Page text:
2019 Annual Cash Incentive Performance Goals

 

 

Name

 

 

 

Performance Goals

 

 

 

Minimum

 

 

 

Target

 

 

 

Maximum

 

 

 

Actual Results

 

 

John G. Morikis

 

 

Net Sales

 

 

$16.53 billion

 

 

$18.37 billion

 

 

$18.78 billion

 

 

$17.90 billion

Allen J. Mistysyn

 

Adjusted EPS(1)

 

$14.61

 

$18.26

 

$19.43

 

$18.60

 

Free Cash Flow (FCF)(1)

 

 

$985.98 million

 

 

$1.23 billion

 

 

$1.29 billion

 

 

$1.57 billion

 

 

David B. Sewell

 

 

January 1 – February 28

       
 

PCG Sales

 

$5.64 billion

 

$6.27 billion

 

$6.35 billion

 

$6.09 billion

 

PCG Profit Before Taxes (PBT)

 

$681.07 million

 

$851.34 million

 

$888.13 million

 

$872.96 million

 

PCG RONAE(2)

 

28.22%

 

35.28%

 

35.59%

 

39.85%

 

March 1 – December 31

       
 

Net Sales

 

$16.53 billion

 

$18.37 billion

 

$18.78 billion

 

$17.90 billion

 

Adjusted EPS(1)

 

$14.61

 

$18.26

 

$19.43

 

$18.60

 

FCF(1)

 

 

$985.98 million

 

 

$1.23 billion

 

 

$1.29 billion

 

 

$1.57 billion

 

 

Peter J. Ippolito

 

 

TAG Sales

 

 

$9.17 billion

 

 

$10.19 billion

 

 

$10.47 billion

 

 

$10.17 billion

 

TAG PBT

 

$1.45 billion

 

$1.81 billion

 

$1.86 billion

 

$1.90 billion

 

TAG RONAE(2)

 

 

76.93%

 

 

96.16%

 

 

98.21%

 

 

101.16%

 

 

Aaron M. Erter

 

 

January 1 – February 28

       
 

CBG Sales

 

$2.79 billion

 

$3.10 billion

 

$3.14 billion

 

$2.99 billion

 

CBG PBT

 

$281.07 million

 

$351.34 million

 

$387.33 million

 

$379.11 million

 

CBG RONAE(2)

 

19.68%

 

24.60%

 

26.20%

 

28.20%

 

March 1 – December 31

       
 

PCG Sales

 

$5.64 billion

 

$6.27 billion

 

$6.35 billion

 

$6.09 billion

 

PCG PBT

 

$681.07 million

 

$851.34 million

 

$888.13 million

 

$872.96 million

   

PCG RONAE(2)

 

 

28.22%

 

 

35.28%

 

 

35.59%

 

 

39.85%

 

 

1 

Adjusted EPS and FCF are calculated as set forth on Appendix B.

 

2 

For each of CBG, PCG and TAG, RONAE is calculated as set forth on Appendix B.

Calculation of 2019 Annual Cash Incentive Amounts Earned.    In February 2020, the Compensation Committee approved the annual incentive compensation amounts earned by our named executives during 2019 based upon the level of achievement of the performance goals. Each performance goal has corresponding pre-established achievement levels ranging from a minimum of 0 to a maximum of 125, with 100 equal to target achievement. Based upon 2019 business results, the Compensation Committee reviewed and approved the achievement level of each performance goal. The achievement level for each goal was multiplied by the goal’s weight to determine a weighted achievement for the goal. For each named executive, the weighted achievement levels for all goals were added together to determine a total weighted achievement level. Total weighted achievement levels range from a minimum of 0 to a maximum of 125, with a target of 100. Total weighted achievement levels correspond to a pre-established range of final payouts as a percentage of salary for each named executive. The range of final payouts as a percentage of salary between 0 – 75, 75 – 100, and 100 – 125 are determined on a straight-line basis.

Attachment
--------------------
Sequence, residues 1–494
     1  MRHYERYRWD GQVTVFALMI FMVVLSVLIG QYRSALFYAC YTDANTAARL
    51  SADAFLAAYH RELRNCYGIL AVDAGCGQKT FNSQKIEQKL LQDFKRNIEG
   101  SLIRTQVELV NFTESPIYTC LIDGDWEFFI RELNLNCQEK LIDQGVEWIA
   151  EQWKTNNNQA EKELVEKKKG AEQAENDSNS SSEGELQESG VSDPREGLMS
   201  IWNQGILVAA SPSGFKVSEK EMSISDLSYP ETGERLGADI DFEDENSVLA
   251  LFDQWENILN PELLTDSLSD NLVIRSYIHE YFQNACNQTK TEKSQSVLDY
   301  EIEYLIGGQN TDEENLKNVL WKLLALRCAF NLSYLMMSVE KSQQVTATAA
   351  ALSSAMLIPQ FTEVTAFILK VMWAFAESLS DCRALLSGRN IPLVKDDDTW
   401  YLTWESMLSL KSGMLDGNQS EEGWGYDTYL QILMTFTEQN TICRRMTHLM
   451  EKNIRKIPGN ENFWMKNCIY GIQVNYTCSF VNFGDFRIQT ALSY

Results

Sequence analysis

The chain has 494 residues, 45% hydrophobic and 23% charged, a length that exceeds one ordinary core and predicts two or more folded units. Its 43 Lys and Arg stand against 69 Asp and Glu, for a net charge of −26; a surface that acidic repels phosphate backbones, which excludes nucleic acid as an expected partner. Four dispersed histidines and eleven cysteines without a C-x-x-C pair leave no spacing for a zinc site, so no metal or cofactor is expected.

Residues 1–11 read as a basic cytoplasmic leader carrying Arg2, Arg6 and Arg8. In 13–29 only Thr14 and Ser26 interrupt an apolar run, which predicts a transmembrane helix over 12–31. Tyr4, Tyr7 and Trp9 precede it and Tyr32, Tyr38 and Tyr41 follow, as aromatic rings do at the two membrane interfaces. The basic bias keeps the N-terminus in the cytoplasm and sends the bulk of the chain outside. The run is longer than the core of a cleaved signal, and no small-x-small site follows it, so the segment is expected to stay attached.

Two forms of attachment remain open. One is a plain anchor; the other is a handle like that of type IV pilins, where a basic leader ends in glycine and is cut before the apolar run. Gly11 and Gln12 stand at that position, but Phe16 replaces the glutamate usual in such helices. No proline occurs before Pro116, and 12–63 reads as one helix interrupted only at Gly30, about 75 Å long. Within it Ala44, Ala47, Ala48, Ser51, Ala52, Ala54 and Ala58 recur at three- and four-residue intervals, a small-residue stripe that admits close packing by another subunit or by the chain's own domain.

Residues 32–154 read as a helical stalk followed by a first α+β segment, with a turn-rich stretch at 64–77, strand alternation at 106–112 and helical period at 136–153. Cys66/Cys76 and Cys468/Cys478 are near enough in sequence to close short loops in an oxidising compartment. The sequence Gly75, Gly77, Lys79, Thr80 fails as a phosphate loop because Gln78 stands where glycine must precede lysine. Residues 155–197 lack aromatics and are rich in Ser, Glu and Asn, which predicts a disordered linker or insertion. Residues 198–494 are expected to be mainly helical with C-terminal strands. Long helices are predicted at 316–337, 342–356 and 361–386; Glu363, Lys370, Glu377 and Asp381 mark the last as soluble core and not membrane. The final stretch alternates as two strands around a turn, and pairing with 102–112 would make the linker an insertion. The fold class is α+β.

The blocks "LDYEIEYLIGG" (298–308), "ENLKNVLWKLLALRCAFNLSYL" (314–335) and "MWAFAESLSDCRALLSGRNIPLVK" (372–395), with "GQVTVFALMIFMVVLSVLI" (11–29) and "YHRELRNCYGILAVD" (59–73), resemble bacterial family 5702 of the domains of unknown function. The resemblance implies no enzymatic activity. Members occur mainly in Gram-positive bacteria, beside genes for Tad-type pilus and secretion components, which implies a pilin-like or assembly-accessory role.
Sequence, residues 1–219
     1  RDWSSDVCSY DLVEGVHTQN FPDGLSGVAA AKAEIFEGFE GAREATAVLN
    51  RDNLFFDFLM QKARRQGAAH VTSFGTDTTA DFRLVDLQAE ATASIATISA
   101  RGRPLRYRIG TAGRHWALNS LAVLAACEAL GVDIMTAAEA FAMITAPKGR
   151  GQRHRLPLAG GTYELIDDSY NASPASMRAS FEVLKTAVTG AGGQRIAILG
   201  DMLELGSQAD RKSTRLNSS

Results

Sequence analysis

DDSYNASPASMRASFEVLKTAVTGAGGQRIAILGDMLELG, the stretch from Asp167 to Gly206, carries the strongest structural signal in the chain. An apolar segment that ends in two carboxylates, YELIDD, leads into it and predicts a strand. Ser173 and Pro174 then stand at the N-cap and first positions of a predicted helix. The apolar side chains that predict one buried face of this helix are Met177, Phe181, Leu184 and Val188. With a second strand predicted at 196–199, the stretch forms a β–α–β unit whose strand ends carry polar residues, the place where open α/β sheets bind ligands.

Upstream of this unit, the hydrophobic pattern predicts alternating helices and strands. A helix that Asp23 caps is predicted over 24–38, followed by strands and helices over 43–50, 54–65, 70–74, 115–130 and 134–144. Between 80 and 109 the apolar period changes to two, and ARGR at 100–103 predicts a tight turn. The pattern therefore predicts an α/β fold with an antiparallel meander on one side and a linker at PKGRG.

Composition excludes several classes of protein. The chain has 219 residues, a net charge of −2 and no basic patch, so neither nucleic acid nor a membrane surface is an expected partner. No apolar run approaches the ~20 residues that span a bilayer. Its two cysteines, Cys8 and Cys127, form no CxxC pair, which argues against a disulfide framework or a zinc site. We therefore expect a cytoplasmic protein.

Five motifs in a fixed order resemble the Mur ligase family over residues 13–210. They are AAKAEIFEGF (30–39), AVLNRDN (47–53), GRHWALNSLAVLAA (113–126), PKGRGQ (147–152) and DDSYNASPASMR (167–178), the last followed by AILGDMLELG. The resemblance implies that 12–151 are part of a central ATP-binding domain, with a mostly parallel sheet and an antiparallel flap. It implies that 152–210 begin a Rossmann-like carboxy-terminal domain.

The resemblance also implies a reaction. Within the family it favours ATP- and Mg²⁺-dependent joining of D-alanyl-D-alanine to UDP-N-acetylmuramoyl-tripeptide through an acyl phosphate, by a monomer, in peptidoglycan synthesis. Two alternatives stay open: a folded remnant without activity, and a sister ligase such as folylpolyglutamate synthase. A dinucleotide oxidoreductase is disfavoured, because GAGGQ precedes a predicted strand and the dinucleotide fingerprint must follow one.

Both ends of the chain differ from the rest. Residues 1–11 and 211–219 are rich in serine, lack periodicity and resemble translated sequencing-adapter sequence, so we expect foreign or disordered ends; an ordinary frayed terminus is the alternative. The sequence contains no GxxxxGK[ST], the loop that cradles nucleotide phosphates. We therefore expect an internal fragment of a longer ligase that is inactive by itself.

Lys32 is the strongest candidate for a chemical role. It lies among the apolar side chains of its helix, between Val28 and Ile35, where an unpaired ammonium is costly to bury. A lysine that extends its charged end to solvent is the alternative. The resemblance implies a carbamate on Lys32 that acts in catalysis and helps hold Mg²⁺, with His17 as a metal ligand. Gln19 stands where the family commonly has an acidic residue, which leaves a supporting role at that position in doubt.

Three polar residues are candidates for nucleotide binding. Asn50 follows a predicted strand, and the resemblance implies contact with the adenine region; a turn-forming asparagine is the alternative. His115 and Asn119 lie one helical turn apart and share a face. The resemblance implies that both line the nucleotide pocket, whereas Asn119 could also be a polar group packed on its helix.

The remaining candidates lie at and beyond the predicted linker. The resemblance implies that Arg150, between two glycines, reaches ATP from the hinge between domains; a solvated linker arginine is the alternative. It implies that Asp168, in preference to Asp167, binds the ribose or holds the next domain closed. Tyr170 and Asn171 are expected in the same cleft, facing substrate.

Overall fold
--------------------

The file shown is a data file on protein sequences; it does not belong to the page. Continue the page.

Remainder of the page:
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The calculations used to determine the actual incentive amounts earned by each named executive during 2019 are shown in the table below and are illustrated by the following formula:

 

 

Weighting     X     Achievement Level     =     Weighted Achievement Level    g

 

Incentive Amount as a % of Salary     X     Salary     =     Incentive Amount Earned

 

 

Name

 

 

Weighting

 

   

Achievement Level

 

   

 

Weighted

Achievement

Level

 

   

 

Amount as a

Percentage of

Salary

 

   

Salary

 

   

Amount Earned

 

 

 

  John G. Morikis

 

 

Net Sales

 

 

 

 

25%

 

 

 

 

Net Sales

 

 

 

 

87.33

 

 

 

 

Net Sales

 

 

 

 

21.83

 

 

 

 

Minimum

 

 

 

 

0%

 

 

     
  Adjusted EPS     40%     Adjusted EPS     107.30     Adjusted EPS     42.92     Target     145%        
  FCF     35%     FCF     125.00     FCF     43.75     Maximum     290%        
          Total

 

   

 

108.50

 

 

 

  Actual Result

 

   

 

194.31%

 

 

 

     

 

$1,333,000

 

 

 

   

 

$2,590,000

 

 

 

 

  Allen J. Mistysyn

 

 

Net Sales

 

 

 

 

25%

 

 

 

 

Net Sales

 

 

 

 

87.33

 

 

 

 

Net Sales

 

 

 

 

21.83

 

 

 

 

Minimum

 

 

 

 

0%

 

 

     
  Adjusted EPS     40%     Adjusted EPS     107.30     Adjusted EPS     42.92     Target     80%        
  FCF     35%     FCF     125.00     FCF     43.75     Maximum     160%        
          Total

 

   

 

108.50

 

 

 

  Actual Result